And, typically, the formula for many of the games involves also being able to kick, jump and punch your opponents out of the way - often into electrified forcefields, or lava, or off the edge into a veritable pit of doom. Sometimes it's a case of trying to avoid your opponents for as long as possible to conserve your energy, and hoping that they stray into the path of the many obstacles that (often) rain down. But that would be fine, except for the fact that the controls for many of the game are sloppy, poorly implemented or just generally designed in a way that doesn't make the task at hand in any way fun or interesting.

Turbine Jumper, for example, distinguishes itself by having easily the most hopeless jump controls we've seen in a videogame since the late '80s, and yet places the players on a rotating turbine and tasks you with jumping or ducking over or under laser beams as they appear. Super Slam Dunk is similarly horrible to control, with the idea to move and attack players, snatch the ball (or barge them out of the way) and then jump and shoot for goal, with, woo, futuristic gravity that allows you to jump really high. Like a lot of the games here, it has the random element to make it easy for anyone to win by luck, but just doesn't grab you at all.

Trash, man

Hello! I'm the visual definition of generic!

And then there are some crushingly awful button-matching games that are insultingly basic - such as Over The Falls where the idea is to match the sequence of face pad buttons (A, B, X, Y) as they appear on the screen. Another places you on top of a pillar, with the last man to input the sequence losing a segment of their pillar until you're out. It's fun for about ten seconds, and just lacks imagination.

Elsewhere, the whole ethos of keeping it simple kinda works. Games like Don't Sink The Boat have that frantic Track & Field appeal, where hammering the button as quickly as possible and aiming your turret sinks your opponent, while another does a similar thing on a treadmill. But, as easy as they are to get into they're hardly the sorts of games you'll be desperate to fire up to play after a night out.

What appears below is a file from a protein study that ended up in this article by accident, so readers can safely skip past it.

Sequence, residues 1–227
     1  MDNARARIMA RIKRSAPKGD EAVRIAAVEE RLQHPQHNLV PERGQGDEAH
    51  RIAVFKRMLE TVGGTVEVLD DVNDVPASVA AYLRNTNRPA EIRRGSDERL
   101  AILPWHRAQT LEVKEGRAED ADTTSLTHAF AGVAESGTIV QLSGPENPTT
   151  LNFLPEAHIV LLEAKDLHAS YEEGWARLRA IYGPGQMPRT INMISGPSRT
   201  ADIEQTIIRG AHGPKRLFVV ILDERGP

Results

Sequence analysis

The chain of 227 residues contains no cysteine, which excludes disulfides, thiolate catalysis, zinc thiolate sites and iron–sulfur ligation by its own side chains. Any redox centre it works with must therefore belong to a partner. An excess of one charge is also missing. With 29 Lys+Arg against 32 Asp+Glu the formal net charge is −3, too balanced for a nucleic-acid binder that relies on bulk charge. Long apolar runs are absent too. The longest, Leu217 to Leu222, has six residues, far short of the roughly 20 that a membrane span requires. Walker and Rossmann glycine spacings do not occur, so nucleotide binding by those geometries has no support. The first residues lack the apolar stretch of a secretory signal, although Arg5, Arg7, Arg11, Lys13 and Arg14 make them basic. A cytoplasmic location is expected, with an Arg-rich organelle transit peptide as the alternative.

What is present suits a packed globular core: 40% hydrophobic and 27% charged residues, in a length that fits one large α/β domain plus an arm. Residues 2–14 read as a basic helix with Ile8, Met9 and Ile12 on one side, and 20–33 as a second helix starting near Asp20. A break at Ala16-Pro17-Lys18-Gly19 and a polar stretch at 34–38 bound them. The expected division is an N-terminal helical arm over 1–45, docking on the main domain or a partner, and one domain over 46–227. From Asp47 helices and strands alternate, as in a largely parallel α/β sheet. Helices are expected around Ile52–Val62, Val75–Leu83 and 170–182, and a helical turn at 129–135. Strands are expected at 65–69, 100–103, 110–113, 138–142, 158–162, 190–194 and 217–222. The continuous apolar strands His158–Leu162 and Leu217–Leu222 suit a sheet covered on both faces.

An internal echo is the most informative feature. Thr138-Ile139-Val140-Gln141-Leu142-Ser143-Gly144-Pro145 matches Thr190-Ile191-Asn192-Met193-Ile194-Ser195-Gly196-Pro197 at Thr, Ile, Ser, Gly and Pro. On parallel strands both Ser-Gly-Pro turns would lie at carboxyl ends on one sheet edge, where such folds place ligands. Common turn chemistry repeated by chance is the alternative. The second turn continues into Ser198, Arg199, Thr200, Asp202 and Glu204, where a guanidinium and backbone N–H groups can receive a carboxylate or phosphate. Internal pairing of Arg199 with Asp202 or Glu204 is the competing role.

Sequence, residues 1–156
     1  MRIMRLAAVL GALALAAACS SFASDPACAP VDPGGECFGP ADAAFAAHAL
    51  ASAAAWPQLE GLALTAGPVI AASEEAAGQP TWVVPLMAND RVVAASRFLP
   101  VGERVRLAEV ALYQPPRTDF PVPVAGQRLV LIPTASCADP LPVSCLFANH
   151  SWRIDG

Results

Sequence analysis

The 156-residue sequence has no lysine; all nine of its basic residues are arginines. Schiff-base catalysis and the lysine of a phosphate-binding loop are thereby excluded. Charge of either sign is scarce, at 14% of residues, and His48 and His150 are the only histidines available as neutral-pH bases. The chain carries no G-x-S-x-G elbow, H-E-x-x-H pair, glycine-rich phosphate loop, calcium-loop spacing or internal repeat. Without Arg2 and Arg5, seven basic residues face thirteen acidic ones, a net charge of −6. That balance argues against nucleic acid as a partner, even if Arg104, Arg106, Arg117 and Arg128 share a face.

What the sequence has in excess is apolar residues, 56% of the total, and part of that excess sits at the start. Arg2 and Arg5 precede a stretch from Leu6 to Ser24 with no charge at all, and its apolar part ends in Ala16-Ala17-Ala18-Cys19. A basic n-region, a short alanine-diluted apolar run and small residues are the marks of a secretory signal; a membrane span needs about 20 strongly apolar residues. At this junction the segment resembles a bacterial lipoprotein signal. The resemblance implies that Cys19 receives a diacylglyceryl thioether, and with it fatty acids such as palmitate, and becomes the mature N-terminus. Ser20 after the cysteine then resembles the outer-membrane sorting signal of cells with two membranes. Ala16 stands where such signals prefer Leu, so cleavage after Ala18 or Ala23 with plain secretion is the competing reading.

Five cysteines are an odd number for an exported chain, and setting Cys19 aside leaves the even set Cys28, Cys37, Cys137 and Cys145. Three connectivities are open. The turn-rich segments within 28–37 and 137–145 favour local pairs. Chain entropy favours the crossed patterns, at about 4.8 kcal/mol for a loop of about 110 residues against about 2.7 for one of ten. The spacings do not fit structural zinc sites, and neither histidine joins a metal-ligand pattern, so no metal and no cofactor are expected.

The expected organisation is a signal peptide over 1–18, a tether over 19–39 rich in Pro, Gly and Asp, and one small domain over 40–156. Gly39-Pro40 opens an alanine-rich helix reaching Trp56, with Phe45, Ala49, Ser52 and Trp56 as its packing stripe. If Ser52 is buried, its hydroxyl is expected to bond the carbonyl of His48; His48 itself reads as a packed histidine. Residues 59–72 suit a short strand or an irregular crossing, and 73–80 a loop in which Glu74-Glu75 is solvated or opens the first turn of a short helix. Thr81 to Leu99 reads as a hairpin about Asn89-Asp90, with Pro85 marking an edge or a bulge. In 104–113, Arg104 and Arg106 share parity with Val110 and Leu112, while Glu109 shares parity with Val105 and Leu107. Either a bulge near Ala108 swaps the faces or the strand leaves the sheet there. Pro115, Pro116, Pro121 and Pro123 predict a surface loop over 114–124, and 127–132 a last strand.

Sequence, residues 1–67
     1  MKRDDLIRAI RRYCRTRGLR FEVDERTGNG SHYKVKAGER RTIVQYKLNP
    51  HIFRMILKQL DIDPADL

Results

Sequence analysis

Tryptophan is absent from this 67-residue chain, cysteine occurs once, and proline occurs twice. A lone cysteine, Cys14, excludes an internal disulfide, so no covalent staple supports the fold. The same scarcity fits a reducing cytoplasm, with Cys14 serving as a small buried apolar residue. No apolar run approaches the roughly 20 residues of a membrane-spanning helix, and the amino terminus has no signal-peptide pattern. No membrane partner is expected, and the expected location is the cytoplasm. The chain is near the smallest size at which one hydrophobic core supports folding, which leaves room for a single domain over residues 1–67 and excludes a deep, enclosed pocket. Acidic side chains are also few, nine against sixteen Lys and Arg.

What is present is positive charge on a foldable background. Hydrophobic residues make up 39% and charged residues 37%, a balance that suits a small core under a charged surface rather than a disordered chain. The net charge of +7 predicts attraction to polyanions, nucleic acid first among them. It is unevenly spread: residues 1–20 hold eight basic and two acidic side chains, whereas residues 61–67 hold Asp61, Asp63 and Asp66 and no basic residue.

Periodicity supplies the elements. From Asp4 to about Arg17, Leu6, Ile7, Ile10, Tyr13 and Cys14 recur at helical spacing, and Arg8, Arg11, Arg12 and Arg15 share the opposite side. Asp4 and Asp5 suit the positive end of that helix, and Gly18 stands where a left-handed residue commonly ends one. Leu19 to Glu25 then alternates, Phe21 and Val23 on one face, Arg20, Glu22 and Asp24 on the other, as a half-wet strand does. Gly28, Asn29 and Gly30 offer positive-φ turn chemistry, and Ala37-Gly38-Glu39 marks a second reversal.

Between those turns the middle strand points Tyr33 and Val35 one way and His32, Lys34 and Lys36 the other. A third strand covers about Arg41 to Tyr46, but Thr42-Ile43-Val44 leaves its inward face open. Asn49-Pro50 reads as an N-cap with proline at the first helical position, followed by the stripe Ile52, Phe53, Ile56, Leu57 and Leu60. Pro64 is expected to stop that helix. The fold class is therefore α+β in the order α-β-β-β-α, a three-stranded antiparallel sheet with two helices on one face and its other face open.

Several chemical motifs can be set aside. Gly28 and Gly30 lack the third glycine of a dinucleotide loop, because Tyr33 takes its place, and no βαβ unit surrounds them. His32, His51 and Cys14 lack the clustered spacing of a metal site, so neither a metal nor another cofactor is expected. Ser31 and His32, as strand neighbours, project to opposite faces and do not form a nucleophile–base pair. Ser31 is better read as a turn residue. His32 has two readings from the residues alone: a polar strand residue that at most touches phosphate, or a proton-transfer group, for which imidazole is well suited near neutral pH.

Others are just too simple for their own good, and therefore too boring to be worth a second glance. Take Turbine Coin Collector: you, again, run around a spinning turbine (essentially a turntable, but hey) and gather coins while staying between moving laser beams - a task so dull that you'll barely reach the end before wanting to see what's next. Games like Ice Sculpture aren't much more interesting either, with a perfunctory aiming task where you have to point a jet of water at an ice statue in order to melt it before your opponents.

Last reader reading

Would have been better if you could have weed on the ice statue, but there you go.

Fortunately, there are some games we quite liked, such as Hot Shot, the four-way air-hockey style game where you're all defending your goal and simultaneously trying to knock the balls into everyone else's goals at the same time. That was fun. Sadly, too many resort to dire last man standing rules, made ten times less interesting thanks to the poor combat mechanics and rubbish 'avoid the giant falling obstacle' filler fodder.